HERSHEY, Pa. — Huntingdon County Fair Queen Mikara Anderson, of Three Springs, Pennsylvania, was crowned the 2019 Pennsylvania fair queen on Saturday, Jan. 26, at the annual joint convention of the Pennsylvania State Association of County Fairs and Pennsylvania State Showmen’s Association.

“Pennsylvania’s agricultural ambassadors help to make the connection between farm and fork — producer and consumer — and nowhere is that intersection more prominent than at our county and community fairs,” said Pennsylvania Agriculture Secretary Russell Redding. “Mikara is the latest representative chosen to tell her agricultural story — and the story of volunteers, vendors, and exhibitors at our fairs — to a statewide audience. I look forward to working with her over the coming year.”

Anderson, 18, is the daughter of Gerald and Holly Anderson. She is a senior highest honors student at Southern Huntingdon Area High School, where she is active in sports, music and academic clubs. As a member of the Southern Huntingdon County FFA Chapter, she secured first place in the National FFA Sheep Production Proficiency contest for her flock of registered sheep.

In owning, managing and exhibiting sheep at local, state and national expositions, she has earned multiple awards including supreme champion at the Pennsylvania Farm Show and Top Gun honors in the Nationwide All-American Sheep Show. A promoter of sheep, wool and dairy, Anderson is also a member of her fair’s junior fair board. She will attend the Penn State this fall to major in animal science, followed by law school, with plans to become an agricultural attorney.

Anderson will receive a $2,500 scholarship from the Pennsylvania State Association of County Fairs at the end of her reign in January 2020. She was crowned by outgoing Pennsylvania Fair Queen Elizabeth Voight of Fredericksburg, Lebanon County.

Each of the 59 contestants prepared a brief speech highlighting why people should come to her county or community fair and wrote an essay about the fair’s significance in her life and local community. Each queen also gave a stage introduction during the fair convention annual banquet and was interviewed by three judges. Five selected finalists then explained how they would use their crown as Pennsylvania fair queen as their microphone to promote change.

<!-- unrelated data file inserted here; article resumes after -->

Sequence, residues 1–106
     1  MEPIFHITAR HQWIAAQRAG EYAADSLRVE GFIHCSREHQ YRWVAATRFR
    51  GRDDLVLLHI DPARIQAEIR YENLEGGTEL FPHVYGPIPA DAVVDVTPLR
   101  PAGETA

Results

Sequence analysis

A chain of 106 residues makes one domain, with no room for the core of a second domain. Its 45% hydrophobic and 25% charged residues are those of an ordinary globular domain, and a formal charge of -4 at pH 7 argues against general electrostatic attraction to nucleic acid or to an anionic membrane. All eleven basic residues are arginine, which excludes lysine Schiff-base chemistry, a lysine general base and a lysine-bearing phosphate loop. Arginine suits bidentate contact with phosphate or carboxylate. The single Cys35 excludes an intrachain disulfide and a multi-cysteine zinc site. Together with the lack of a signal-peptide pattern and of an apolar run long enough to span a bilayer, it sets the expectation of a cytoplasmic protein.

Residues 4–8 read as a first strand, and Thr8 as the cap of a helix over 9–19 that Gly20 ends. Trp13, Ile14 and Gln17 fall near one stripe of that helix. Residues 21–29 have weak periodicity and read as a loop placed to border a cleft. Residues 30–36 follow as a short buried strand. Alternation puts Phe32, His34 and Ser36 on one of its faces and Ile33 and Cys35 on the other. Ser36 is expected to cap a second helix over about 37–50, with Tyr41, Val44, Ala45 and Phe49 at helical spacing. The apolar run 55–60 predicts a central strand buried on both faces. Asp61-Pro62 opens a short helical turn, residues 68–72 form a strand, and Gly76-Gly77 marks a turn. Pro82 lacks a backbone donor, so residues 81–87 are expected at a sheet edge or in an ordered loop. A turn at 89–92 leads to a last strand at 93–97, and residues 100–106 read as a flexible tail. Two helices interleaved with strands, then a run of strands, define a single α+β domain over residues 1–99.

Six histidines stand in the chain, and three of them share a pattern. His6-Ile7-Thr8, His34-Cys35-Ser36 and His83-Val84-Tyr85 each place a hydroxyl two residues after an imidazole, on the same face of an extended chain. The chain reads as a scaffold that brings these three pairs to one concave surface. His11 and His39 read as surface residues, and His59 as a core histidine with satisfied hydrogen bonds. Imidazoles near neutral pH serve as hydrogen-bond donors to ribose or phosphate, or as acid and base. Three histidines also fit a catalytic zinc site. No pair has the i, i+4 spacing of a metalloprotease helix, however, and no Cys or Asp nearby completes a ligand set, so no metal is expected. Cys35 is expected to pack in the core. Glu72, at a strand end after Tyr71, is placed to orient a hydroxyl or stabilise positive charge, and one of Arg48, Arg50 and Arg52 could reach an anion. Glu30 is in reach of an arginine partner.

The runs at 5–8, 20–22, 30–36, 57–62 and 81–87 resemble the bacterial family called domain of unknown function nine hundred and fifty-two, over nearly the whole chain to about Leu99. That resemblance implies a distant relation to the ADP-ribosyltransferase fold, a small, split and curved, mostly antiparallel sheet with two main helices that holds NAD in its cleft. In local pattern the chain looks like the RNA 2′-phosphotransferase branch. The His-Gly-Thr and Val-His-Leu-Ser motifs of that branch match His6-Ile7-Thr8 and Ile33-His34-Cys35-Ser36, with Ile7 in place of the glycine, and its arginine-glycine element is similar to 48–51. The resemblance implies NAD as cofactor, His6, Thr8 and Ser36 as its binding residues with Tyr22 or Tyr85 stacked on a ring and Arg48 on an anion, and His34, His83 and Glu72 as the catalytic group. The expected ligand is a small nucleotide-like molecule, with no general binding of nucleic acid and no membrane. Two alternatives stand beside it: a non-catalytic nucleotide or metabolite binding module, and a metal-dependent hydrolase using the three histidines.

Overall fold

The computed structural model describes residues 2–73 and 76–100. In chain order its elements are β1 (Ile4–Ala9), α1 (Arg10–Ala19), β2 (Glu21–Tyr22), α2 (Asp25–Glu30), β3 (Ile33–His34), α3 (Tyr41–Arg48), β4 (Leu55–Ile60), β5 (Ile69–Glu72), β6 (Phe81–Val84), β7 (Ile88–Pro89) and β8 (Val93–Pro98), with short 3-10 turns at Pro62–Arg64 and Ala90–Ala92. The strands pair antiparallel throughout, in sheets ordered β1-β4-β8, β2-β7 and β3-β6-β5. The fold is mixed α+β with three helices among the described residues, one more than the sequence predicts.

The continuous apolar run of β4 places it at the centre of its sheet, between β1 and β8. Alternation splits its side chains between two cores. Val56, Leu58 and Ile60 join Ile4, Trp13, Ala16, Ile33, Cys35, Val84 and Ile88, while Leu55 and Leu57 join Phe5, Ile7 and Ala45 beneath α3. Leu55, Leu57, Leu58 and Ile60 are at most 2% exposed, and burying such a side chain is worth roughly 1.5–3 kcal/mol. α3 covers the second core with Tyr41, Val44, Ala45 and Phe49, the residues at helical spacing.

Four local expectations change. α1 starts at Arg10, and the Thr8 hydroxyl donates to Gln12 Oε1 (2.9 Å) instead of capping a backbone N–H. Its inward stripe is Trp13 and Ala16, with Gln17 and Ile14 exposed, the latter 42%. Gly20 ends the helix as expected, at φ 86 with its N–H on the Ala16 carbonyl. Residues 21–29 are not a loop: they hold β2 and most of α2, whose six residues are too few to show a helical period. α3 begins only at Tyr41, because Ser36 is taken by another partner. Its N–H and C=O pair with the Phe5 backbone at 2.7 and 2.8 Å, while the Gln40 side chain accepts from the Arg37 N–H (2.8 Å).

“I would use (the Pennsylvania fair queen crown) as a shining microphone to spark change in the agricultural community and at our county and community fairs,” Anderson said. “With a crown and banner, I could be more of an advocate than I already am, and I could reach more people using that state title.”

Wyoming County Community Fair Queen Madison Sickler, 17, of Meshoppen, Wyoming County, was selected as alternate 2019 Pennsylvania fair queen. The daughter of Elwood and Kimberly Sickler, Sickler is a member of the junior fair board and a poultry enthusiast with 79 chickens. She is a senior at Elk Lake High School studying business at her local career and technology center, with plans to continue her education in banking and finance at Pennsylvania College of Technology.

Other top five finalists were: Allentown Fair Queen McKenzie Hagenbuch of Emmaus, Lehigh County; Centre County Grange Fair Queen Amelia Miller of Howard, Centre County; and Clinton County Fair Queen McCartney Register of Lock Haven, Clinton County.

Kimberton Community Fair Queen Dana Moore of Spring City, Chester County, was named Miss Congeniality by her fellow contestants.

Pennsylvania is home to 108 county and community fairs. Mikara, the 33rd state queen, will travel the state this year representing Pennsylvania’s rich agricultural heritage and serving as an ambassador for the fair association.

The contest judges were Ashley Boteler with the Shenandoah County Fair, Maurertown, Virginia; Lisa Lamoureux of Meriden, Connecticut, with the Association of Connecticut Fairs; and Maria Lucero with New York’s Erie County Fair, Springville, New York.

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